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Re: [Re: Cultural artifacts]



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<<
First, I seriously question your statement on wealth and motivation in
India.  I
argue, in fact, that Indians have been very efficient and highly
capitalistic in
the past and continue to retain this character despite oppressive Government
intervention.>> 

In fact, that is exactly what I am trying to say. Indian society is far more
capitalistic than the west in many cases; and far more socialistic and state
controlled than what existed in the west, in many other cases. And that is
just the point -- the Indian society is much too complex and diverse to equate
it to any of the existing western paradigms.  

Government intervention is only part of the issue here. There are far too many
oppressive and intervening institutions based on communities, religions,
caste, etc. And many of them are quite capitalistic and liberal as well. 



<<
Secondly, Capitalism and Socialism are "new" concepts in Human history and
deal
with resource allocation, flow, management, etc.  A mature culture such as
the
Indian Culture which can broken into various social sciences and studied
quiet
thoroughly within the context of local interpretations.
>> 

Capitalism and socialism both were offshoots of the industrial revolution in
the west. In fact, at their core, both systems of governance agree on one
concept -- materialism. In capitalism, materialism is consumer driven; in
socialism this is state driven. 

But Indian society has historically not been based on the materialism concept
at all. And even now materialism is only one of the different concepts that
make up the Indian society. And of course, role domination or dharmic concepts
are some more. We need to analyze the Indian system much more comprehensively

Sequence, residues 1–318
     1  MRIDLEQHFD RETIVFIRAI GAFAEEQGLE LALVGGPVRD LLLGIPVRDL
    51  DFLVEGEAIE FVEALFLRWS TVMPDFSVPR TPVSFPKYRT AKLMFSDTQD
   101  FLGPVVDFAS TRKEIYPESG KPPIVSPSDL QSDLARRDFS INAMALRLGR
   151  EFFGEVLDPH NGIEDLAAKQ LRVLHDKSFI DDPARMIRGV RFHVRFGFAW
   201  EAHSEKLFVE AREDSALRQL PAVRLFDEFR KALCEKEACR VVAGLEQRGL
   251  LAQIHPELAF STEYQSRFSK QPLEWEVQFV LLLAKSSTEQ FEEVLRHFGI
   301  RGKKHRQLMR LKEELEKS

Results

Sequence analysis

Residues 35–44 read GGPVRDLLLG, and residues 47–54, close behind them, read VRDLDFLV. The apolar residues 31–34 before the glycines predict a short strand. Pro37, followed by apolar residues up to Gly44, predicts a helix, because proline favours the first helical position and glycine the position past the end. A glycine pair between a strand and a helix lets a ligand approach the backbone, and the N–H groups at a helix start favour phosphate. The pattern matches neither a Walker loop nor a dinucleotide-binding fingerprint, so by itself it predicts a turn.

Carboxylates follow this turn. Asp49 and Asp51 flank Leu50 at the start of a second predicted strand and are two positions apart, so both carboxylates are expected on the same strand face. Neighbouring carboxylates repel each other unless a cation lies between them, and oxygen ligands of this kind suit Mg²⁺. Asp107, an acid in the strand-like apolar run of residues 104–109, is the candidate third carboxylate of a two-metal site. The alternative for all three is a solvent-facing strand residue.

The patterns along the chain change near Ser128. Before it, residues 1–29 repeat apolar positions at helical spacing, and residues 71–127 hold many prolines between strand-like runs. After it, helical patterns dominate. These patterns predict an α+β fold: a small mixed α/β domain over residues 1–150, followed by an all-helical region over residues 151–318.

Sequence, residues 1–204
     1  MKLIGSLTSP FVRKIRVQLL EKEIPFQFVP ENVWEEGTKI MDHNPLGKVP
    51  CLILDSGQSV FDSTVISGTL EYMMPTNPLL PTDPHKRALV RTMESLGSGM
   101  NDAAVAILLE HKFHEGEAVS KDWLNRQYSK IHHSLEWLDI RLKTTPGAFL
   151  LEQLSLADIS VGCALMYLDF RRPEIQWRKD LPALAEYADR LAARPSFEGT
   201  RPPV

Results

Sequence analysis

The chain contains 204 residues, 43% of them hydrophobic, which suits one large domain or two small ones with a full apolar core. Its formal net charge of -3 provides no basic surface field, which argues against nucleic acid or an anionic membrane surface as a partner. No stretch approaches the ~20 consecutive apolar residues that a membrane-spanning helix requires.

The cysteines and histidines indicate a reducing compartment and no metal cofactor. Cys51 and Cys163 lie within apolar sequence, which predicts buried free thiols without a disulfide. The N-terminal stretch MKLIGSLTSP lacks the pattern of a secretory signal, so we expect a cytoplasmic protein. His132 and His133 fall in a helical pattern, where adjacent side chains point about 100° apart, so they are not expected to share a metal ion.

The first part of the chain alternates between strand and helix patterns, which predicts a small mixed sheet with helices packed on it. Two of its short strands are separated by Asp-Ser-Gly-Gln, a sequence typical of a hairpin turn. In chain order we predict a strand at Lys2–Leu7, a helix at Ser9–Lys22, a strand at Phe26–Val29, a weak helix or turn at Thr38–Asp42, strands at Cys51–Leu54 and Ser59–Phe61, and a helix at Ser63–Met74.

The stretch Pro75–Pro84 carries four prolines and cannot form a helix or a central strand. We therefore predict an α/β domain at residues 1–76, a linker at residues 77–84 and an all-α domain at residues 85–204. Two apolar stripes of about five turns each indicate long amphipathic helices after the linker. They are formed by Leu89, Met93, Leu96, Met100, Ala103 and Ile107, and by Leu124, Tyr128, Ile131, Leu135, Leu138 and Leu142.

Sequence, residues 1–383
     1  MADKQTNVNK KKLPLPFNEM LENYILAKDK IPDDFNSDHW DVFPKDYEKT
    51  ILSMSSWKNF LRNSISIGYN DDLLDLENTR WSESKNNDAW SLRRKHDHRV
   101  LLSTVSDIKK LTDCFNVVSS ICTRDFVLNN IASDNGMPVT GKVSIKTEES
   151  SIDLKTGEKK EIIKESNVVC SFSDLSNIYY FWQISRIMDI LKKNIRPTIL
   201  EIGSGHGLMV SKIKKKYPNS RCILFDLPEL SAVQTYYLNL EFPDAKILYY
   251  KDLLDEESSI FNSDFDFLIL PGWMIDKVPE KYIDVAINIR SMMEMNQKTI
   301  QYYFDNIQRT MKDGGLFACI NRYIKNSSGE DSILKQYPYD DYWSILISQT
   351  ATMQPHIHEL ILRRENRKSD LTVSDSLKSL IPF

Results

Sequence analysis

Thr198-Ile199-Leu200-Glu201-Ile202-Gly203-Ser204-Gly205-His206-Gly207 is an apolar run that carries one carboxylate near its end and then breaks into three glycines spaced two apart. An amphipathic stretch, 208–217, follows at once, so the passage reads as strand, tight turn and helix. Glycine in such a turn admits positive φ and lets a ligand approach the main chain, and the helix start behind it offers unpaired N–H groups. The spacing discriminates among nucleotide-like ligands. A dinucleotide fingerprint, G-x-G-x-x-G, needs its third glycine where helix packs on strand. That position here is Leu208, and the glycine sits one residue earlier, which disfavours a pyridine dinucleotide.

in today's context. 

On a larger scale globalization is bringing cultures together, and in many
places cultures clash. And in India the same thing is happening on a smaller
scale. In fact, I have a hypothesis that India is a model of the presently
globalizing world. It is relatively cut off economically from the rest of the
world, and has so many different dimensions to its system; that is comparable
to the diversity existent in the world itself. 



<<
Economics, too, has a perspective on the culture and its
intra-relationships.  I
don't see why we can't study the Indian culture under such a lens to gain a
completely normalized perspective?  What is really important here is
whether there
are enough bold Economists to do this within India or not?  Else, India may
well
be examined through a far away lens which may shed little or no light at
all.>> 


We can and should study under this perspective as well. But I am not sure
whether it is the "normalized" perspective -- as far as India is concerned.
Because a lot of social dynamics don't fall into this perspective at all. 

Sincerely, 
Srinath 

 

Ideas for India: Building the future -- together 
http://www.ideasforindia.net/ 

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